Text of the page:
February is National Children’s Dental Health Month! As a family practice, Sierra Smiles is proud to provide compassionate, quality dental care to every member of the family — including children. Our focus on complete health includes helping kids learn how to care for their teeth from a very young age so they can build healthy habits they will carry into adulthood. As part of this special month of education focused on children’s dental needs, we are talking about a part of pediatric dentistry that does not get as much notice as others: children’s airway health.
Is your child a “mouth breather,” or do they consistently snore at night? While these two issues can occur occasionally in children, persistent snoring or mouth breathing can signal that your child may have more serious airway issues. Let’s look at mouth breathing first.
1. Mouth Breathing in Children
The term mouth breathing is more than just a silly playground insult. In children (as well as adults), consistent mouth breathing is a sign that your child is having difficulty breathing using their nasal passages. This can be a real problem! Nasal breathing is actually quite important to our overall wellness. The Cleveland Clinic, a non-profit academic medical center, notes that nasal breathing is imperative from birth. Infants rely on breathing through their noses while eating to be able to eat and breath without choking.
However, the need for nasal breathing goes much deeper than that. Our noses work as filters to protect us as much as possible from germs. They also work as an early warning system to help us detect if we are breathing in something dangerous or if the food we are consuming is bad. As anyone who has lost their sense of taste because of the recent pandemic, they’ll tell you just how frustrating it is to not know if a gallon of milk has gone bad or a meal is burning on the stove until it’s already too late.
Nasal breathing also allows us to take deeper, more fulfilling, more oxygenated breaths than mouth breathing. That’s why you’ll often hear athletes being advised to breathe in slowly through the nose and out through the mouth. Last, nasal breathing has the added benefit of both warming and hydrating the air that we breath before it hits the lungs — which is exactly how our lungs like it!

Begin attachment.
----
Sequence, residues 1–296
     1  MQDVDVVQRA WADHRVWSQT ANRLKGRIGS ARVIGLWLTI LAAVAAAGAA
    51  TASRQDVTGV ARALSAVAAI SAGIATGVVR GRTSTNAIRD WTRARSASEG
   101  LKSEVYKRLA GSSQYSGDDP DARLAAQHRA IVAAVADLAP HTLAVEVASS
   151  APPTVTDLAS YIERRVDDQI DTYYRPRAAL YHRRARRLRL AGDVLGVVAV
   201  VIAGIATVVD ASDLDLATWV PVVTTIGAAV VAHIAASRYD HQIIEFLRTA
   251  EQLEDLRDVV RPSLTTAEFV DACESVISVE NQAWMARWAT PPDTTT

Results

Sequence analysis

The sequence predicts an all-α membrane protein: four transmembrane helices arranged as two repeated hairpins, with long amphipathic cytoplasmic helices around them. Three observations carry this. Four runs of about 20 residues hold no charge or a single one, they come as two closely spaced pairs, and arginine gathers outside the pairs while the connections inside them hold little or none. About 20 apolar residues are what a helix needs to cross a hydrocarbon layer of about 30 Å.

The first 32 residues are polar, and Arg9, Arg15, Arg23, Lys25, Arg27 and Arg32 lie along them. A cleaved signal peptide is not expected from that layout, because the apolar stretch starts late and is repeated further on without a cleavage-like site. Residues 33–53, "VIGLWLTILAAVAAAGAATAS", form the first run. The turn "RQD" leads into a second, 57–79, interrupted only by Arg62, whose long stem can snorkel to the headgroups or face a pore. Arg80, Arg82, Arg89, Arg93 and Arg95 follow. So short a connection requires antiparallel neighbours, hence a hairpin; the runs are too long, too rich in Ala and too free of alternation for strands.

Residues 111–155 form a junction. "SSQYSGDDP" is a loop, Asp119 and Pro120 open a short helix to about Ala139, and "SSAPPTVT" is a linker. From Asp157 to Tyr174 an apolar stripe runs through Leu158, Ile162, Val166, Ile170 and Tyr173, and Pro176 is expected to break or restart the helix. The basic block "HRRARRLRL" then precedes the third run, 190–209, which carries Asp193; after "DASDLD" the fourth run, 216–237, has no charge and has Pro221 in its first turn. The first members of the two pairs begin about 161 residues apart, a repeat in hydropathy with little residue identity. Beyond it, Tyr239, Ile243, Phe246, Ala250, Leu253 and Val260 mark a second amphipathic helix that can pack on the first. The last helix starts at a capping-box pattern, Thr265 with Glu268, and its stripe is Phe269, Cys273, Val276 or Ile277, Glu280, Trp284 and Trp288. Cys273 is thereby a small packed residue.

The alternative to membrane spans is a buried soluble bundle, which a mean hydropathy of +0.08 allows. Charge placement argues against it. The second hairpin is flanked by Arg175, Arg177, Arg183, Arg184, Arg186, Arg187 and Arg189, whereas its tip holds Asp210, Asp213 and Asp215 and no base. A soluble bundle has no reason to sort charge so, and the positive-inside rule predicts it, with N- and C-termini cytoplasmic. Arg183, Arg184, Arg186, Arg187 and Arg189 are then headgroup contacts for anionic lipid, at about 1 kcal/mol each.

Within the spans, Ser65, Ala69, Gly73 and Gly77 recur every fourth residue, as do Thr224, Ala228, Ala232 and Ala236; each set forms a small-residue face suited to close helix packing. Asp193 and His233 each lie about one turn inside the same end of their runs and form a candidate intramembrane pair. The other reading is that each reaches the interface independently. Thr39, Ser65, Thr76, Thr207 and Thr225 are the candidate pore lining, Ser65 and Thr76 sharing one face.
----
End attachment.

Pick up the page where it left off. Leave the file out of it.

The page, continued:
Without nasal breathing, your child’s body is not functioning the way that it needs to for optimum development. Serious long-term effects of mouth breathing can include:
- Bite issues
- Elongation of the face/jaw
- Poor oral health
- Nasal narrowing
- Sleep apnea
- Cognitive issues
- Behavioral issues
Common Causes of Mouth Breathing in Children
- Bite problems: If your child’s bite is not aligned, it can make it more difficult for them to keep their mouth closed. Simply put, they breathe through the mouth because it is always forced to be slightly open. It’s both a necessity and a habit.
- Jaw problems: Like a child’s bite, correct jaw function can make it difficult for them to breathe through their nose. Correcting issues within the jaw can help encourage nasal breathing.
- Blocked nasal passages: A temporary block caused by a cold is not a concern.
- Habit: Sometimes children just don’t actively breathe through their noses out of pure habit. Adults can often have the same issue, as well.
2. Snoring in Children
Occasional snoring in children is completely normal. A runny nose, an odd sleeping position or just plain ol’ exhaustion can all cause a sleeping child to snore. However, chronic snoring in children is an important issue to address. The Sleep Foundation refers to issues such as this as sleep-disordered breathing.
As with adults, snoring is a concern for children because it can impact the quality of their sleep. Their young bodies are busy taking on the tremendous task of growing and they need a lot of rest for proper development. Sleep is so very critical to brain development, behavior, concentration, and mental health that deprivation can be very harmful to children and teens.
In addition to hindering sleep, snoring can also be a sign that your child is not getting enough oxygen during their sleep cycle. According to the Sleep Foundation, that creates a whole new set of concerns in a developing body. Poor breathing can impact the function of the cardiovascular and nervous systems, not to mention brain development.
The long-term impact of snoring in childhood can include:
- Behavioral disorders
- Mental health disorders
- Difficulty learning
- Cognitive development issues
- Poor heart health
- Chronic health issues well into adulthood
Common Causes of Snoring in Children
- Tonsil and adenoid issues
- Jaw or bite misalignment
- Nasal issues
- Persistent allergies
If your child fits any of the criteria above, bring it up at their next dental exam. Sierra Smiles dentists will help you learn more about potential issues that could be causing your child’s struggles with nasal breathing or snoring. Depending on the cause of their condition, we may even be able to help design a treatment plan to resolve the issue.